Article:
Respect and use the experience of others
Successful leaders first listen and learn, and only then take action. This is especially important when stepping into a new executive-level assignment. By first examining the organization to learn about the shared pool of experience, executives can maximize resources, efficiency, and promote healthy delegation towards new initiatives and strategies.
Prepare examples of your experience that directly applies to the position you are interviewing for.
Create a resume with specific achievements including facts and figures. Adding this content will help guide the attention of the interviewers to discuss your achievements and will provide a baseline of how your experience qualifies you for the position. Additionally, it greatly improves the chances that the interviewer recognizes your experience, as it may not come up during the interview.
Talk too much about your experience if the interviewer is not asking you direct questions about it. You want to prepare case studies or STAR scenarios but you do not want to hijack the interview to share stories of your experience that the interviewer is not asking about.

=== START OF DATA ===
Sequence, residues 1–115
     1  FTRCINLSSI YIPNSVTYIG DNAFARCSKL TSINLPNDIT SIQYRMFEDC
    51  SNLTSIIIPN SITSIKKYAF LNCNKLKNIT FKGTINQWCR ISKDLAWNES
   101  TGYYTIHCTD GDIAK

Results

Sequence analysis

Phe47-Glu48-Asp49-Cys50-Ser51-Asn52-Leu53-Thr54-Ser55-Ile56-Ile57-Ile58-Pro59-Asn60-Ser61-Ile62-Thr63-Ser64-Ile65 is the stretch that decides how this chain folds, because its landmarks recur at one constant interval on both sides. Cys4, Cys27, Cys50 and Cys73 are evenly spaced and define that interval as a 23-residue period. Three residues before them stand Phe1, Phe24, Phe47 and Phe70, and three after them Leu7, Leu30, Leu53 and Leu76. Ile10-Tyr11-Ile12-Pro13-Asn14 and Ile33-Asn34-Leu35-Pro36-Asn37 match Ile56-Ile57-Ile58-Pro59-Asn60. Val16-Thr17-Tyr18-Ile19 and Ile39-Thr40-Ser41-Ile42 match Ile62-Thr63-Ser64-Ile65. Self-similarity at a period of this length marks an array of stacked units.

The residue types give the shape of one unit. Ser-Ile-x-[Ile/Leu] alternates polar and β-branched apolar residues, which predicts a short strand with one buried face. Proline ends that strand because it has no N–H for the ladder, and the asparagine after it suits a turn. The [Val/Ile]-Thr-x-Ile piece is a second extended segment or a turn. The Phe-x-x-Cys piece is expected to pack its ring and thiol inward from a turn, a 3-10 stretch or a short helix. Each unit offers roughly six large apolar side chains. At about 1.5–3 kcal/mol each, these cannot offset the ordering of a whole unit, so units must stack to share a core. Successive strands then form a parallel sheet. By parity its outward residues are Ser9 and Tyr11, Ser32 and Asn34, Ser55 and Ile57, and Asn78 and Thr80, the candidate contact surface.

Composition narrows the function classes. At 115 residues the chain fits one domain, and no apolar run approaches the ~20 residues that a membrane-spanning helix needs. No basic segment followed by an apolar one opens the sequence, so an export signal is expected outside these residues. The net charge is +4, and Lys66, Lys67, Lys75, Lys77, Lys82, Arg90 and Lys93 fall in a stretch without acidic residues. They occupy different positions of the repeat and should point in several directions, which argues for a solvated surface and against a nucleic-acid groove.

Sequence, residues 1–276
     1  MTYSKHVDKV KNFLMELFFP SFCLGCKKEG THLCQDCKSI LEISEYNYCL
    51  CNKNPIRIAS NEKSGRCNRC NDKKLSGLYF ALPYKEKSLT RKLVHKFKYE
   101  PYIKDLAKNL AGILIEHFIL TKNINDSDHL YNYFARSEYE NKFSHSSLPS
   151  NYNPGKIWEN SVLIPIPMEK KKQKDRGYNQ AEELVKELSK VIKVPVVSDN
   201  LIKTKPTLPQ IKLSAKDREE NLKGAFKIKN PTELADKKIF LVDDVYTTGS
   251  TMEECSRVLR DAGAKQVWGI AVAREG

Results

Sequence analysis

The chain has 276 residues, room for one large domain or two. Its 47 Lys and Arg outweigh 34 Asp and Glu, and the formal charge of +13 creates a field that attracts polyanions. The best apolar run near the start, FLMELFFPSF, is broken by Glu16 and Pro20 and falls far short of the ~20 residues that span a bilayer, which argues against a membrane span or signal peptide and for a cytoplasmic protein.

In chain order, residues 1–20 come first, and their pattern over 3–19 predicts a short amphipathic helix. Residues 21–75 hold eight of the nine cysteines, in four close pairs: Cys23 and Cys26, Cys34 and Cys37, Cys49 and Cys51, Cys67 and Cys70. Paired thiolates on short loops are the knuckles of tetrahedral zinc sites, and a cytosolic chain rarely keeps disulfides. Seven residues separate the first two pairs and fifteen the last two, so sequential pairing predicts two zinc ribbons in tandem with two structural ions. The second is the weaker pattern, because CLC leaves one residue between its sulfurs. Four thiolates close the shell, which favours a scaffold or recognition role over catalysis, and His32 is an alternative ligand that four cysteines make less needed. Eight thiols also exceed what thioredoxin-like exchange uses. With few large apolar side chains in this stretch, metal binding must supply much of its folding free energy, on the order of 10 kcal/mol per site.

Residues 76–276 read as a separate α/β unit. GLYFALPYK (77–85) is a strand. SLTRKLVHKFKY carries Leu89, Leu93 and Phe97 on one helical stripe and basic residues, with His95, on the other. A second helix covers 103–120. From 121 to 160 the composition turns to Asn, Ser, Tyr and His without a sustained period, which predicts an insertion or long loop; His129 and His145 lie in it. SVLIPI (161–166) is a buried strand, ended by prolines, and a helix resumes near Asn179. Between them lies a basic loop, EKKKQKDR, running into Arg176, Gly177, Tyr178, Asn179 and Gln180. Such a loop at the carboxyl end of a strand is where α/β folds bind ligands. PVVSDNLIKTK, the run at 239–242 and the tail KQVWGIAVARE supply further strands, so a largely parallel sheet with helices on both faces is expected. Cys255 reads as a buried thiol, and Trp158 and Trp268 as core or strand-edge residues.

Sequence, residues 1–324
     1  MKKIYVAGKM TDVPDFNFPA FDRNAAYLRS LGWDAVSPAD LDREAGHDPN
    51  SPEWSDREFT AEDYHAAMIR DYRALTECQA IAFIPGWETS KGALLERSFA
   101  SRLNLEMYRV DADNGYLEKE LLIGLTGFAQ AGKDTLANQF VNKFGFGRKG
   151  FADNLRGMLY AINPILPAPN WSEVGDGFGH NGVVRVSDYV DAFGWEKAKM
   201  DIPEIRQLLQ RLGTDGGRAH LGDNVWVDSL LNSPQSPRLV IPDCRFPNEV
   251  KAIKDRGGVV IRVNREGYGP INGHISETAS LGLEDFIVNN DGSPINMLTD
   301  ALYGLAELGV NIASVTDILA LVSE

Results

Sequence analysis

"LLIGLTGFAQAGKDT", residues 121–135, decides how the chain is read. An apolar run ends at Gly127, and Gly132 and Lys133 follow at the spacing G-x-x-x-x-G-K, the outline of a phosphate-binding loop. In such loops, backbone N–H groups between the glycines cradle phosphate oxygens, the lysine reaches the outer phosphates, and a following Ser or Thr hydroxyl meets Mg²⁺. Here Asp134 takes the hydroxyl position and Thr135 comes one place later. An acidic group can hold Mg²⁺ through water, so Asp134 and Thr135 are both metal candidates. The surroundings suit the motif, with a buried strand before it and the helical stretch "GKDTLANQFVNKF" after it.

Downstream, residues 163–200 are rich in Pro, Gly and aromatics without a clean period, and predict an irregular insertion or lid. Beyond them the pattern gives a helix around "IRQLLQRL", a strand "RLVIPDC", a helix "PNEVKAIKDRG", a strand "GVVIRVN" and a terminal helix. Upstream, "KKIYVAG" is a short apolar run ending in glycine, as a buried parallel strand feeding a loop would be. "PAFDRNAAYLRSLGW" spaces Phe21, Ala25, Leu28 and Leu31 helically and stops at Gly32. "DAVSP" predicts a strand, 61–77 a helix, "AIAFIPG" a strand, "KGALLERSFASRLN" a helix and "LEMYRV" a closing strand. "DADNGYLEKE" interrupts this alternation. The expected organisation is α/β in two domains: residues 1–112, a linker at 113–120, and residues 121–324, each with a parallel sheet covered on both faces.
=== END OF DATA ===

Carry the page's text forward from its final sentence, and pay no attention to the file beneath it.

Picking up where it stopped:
Successful leadership and engagement are directly related. Appropriately engaging in the work and lives of your team allows you to approach challenging situations as if you were steering an aircraft carrier like a speedboat (or parallel park a semi-truck if you prefer that visual analogy). When making decisions they have the trust of employees to act decisively and efficiently and the employees know that their leader has considered various interests. Companies following LEAN methodologies require company-wide engagement and this only works fully when being led by the executives.
Engaged leaders recognize the power of `starting with Why` as Simon Sinek says in his famous talk ‘how great leaders inspire action’. By doing this, teams will know the purpose of tasks and can remain optimistic through change. An engaged leader shows humility as a strength and fosters commitment towards goals while disengaged leaders tend to be prideful, dismissing of facts which are not fitting their agenda, and ultimately are divisive within the organization.
Communicate how you keep people motivated and aligned with company goals by personal engagement and how you break down hierarchical walls between management and the rest of the company. People trust you and also feel your trust.
Relate engagement to the top-line and bottom-line revenue; whether short term or long term, engagement has an ROI so be prepared to discuss.